"The political power of the occupiers (of Iraq) is being destroyed rapidly and very soon we will be witnessing a great power vacuum in the region," Mahmoud Ahmadinejad said.
"We, with the help of regional friends and the Iraqi nation, are ready to fill this void." Saudi Arabia was one of the countries Iran was ready to work with, he said.
The U.S. military accuses the Islamic Republic of arming and training militias behind some of the violence in Iraq. Iran rejects the charge and blames the presence of U.S. forces, numbering about 162,000, for the violence.
In a two-hour news conference, Ahmadinejad also rejected reports Iran had slowed nuclear work, which the West fears is aimed at making atom bombs, and said it would respond if Washington branded its Revolutionary Guards a terrorist force.
Iran, which like Iraq is majority Shi'ite Muslim, has often called on fellow Gulf states to reach a regional security pact. But Gulf Arab states, most of which are predominantly Sunnis, are suspicious of Tehran's intentions in Iraq and the region.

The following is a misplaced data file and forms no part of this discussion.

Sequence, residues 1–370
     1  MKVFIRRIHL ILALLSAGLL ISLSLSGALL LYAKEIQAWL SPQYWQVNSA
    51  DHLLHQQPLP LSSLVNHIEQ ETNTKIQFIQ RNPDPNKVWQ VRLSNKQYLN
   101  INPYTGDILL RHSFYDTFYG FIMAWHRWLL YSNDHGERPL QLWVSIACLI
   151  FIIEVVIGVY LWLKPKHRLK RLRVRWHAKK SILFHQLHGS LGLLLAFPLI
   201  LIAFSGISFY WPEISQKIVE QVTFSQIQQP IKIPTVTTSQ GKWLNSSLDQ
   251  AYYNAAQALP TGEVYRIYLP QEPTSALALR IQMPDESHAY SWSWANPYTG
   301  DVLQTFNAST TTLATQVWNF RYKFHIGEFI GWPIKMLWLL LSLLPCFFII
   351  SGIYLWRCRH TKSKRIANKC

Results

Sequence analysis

With Shi'ite Muslims now in power in Baghdad, ties have strengthened between Iran and Iraq since 2003, when U.S.-led forces toppled Iraq's Sunni president, Saddam Hussein, who had waged an eight-year war against Iran in the 1980s.
The region did not need countries from "thousands of kilometers away" to provide security, Ahmadinejad said, and U.S. and other forces in Iraq and Afghanistan had run out of solutions.
...Ahmadinejad dismissed reports it was not making such fast nuclear progress. "These (reports) are not true," he said.
"I want to officially announce to you that from our viewpoint the issue of Iran's nuclear case has been closed. Today Iran is a nuclear Iran, meaning that it has the complete cycle for fuel production."
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